Williams says he also has found that although old city maps are found online, they sometimes don’t contain handwritten notes found in the archived paper copies. If the note is made by someone with specific knowledge about whatever the map is showing, that’s a clue.
A place for all
For some, the library is used not just for research, but because it’s a great place to get some work done.
“It’s just the experience of being in the library. It’s almost meditative,” says Christine Lindquist, executive director of a nonprofit called Washington Healthcare Access Alliance.
“You have all these varied people. Some trying to get jobs, some just reading, some fooling around on the computer, some taking naps,” she says.
She isn’t bothered by what appearances likely would indicate, with backpacks or bundled-up clothes, are homeless people.
“It’s free and it’s a safe place to be,” says Lindquist.
In 2013, security officers “excluded” 494 people from the Central Library, which translates to about 0.03 percent of the door count. The exclusions can last from one day to two years.
A long list of behaviors not allowed ranges from “having offensive body odor or personal hygiene so as to unreasonably interfere with other patrons’ ability to use the library and its facilities,” to being “verbally or physically harassing.”
Andra Addison, spokeswoman for the library, says that “folks generally considered homeless” are actually pretty good patrons: “They wait their turn for help and are patient.”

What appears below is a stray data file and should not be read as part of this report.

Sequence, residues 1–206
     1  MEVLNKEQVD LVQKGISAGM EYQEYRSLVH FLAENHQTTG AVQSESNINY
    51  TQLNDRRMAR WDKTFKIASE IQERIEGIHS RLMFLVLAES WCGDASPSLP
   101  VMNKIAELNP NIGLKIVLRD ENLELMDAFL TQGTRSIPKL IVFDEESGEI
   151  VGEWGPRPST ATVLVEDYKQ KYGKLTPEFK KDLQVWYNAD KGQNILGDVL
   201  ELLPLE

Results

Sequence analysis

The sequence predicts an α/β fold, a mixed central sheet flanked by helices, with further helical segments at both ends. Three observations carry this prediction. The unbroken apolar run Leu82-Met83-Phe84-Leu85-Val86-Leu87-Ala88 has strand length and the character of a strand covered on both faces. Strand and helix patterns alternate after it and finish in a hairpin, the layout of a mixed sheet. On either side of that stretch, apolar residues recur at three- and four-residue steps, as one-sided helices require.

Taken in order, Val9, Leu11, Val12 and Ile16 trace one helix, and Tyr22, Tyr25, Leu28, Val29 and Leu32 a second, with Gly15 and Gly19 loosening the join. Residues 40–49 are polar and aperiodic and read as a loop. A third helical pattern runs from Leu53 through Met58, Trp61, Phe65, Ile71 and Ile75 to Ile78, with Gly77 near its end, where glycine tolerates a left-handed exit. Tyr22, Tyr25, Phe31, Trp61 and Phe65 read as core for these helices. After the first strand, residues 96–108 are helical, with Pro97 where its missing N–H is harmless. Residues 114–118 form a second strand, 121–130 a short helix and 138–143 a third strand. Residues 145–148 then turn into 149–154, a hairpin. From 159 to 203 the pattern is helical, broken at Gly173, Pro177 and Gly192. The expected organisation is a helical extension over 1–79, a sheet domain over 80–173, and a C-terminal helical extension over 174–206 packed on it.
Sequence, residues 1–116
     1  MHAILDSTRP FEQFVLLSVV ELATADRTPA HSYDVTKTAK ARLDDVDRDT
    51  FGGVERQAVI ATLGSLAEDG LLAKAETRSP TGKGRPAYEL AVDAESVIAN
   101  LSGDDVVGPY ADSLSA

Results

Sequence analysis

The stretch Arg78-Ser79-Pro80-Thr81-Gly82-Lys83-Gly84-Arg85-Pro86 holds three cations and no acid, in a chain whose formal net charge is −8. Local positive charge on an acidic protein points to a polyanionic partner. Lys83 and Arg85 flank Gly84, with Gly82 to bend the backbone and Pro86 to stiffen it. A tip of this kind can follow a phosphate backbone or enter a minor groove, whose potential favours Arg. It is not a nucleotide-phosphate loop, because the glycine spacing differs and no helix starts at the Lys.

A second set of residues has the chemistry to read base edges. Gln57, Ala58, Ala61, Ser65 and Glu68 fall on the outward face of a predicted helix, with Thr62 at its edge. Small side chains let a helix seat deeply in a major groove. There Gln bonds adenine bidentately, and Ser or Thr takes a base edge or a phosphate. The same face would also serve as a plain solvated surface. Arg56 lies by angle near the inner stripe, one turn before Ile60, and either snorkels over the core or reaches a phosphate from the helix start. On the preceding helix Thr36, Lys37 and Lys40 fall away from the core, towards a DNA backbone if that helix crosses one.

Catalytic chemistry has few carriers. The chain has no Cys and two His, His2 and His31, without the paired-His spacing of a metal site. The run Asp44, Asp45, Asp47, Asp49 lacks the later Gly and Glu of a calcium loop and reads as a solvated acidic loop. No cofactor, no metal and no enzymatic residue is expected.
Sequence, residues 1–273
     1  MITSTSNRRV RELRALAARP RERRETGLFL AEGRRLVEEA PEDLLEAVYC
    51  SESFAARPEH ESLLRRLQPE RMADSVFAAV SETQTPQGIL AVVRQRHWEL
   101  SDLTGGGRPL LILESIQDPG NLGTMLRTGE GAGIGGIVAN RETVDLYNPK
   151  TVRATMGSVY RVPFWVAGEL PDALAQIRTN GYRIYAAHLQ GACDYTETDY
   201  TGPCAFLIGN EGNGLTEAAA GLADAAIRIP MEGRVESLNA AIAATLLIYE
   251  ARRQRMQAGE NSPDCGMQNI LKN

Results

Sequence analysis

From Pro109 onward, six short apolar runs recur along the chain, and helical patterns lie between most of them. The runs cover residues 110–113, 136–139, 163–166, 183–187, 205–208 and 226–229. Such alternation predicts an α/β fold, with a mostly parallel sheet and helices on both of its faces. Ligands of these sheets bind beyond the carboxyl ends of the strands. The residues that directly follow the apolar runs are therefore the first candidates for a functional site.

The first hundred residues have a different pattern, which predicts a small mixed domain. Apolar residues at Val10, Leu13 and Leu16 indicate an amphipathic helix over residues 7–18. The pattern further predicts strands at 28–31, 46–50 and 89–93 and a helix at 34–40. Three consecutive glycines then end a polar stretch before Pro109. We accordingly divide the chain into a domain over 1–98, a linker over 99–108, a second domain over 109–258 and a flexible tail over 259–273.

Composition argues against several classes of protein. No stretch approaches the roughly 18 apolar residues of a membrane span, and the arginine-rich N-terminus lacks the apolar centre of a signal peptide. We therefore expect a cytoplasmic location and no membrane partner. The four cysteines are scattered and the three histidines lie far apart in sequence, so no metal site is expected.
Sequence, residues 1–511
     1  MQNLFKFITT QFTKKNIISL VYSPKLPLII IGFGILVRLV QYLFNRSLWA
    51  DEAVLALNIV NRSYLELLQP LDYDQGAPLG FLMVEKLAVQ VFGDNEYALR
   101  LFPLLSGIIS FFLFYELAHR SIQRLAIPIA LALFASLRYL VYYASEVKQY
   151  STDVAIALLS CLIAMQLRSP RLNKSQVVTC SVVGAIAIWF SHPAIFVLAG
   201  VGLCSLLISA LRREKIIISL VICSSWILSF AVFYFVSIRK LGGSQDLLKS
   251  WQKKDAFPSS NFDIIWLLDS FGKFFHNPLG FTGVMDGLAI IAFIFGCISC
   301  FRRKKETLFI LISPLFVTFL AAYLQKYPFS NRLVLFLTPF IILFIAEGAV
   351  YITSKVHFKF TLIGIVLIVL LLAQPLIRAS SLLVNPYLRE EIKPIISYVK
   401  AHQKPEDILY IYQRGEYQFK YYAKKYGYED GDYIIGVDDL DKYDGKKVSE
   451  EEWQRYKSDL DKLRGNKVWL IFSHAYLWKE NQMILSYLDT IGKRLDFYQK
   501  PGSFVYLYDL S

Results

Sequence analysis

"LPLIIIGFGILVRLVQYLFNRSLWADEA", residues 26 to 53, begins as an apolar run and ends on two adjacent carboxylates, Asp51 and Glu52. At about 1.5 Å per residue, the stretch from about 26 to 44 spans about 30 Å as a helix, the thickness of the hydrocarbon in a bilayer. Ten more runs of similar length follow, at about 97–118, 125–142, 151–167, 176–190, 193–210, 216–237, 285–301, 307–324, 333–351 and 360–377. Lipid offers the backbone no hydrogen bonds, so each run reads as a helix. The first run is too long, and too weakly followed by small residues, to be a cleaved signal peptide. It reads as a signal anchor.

Lindquist says she uses databases at the library that list foundations and information such as who is on the groups’ boards and projects they have been funding.
“I spend a lot of time trying to bring money to my organization,” she says. “The databases are by subscription (one such database is $995 a year) and there is no way we could afford them.”
Proximity to history
It is on the ninth floor of the Central Library that one can often find Evelyn Roehl, who owns a Seattle business called Kin Hunters.
She does genealogy work for clients who want to find out about their ancestors and sometimes for heirs in an estate settlement.
Her enthusiasm for her work is obvious. Here she is, surrounded by hundreds of books that provide clues.
Perhaps you hadn’t realized that a man named Virgil D. White transcribed 399,096 entries to “Genealogical Abstracts of Revolutionary War Pension Files.”
You want to look up a Benjamin Scott? Here he is.
At the Seattle Room, you might run into Jodee Fenton, manager of special collections.
“I probably shouldn’t say this, but you shouldn’t get paid to have so much fun a day,” she says.
The other day, Fenton was showing a seventh-grade boy on a class trip how to hold a book published in 1880.
The kid had picked it out of a shelf. The book was called “Camp and Cabin, Sketches of Life and Travels in the West,” and it was about camping in the Cascades.
“He wanted to hold it like a paperback, bend back the pages,” says Fenton. “It was this tiny book about four inches tall.
“I told him it was published a long time ago. I asked him what was the age of the book. Then he did the math, and said, ‘Wow, this is a really old book.’ ”
Fenton showed the kid how the cradle the book.
As she left him, the seventh-grader was sitting on a stool, reading his new discovery.
It’s not in Surround sound or Imax, this excitement of discovery.
But let Fenton explain: “There is something very compelling about being that close to history. When you have the original in your hands, you just get some sort of visceral understanding of that time.”
Erik Lacitis: 206-464-2237 or firstname.lastname@example.org Twitter @ErikLacitis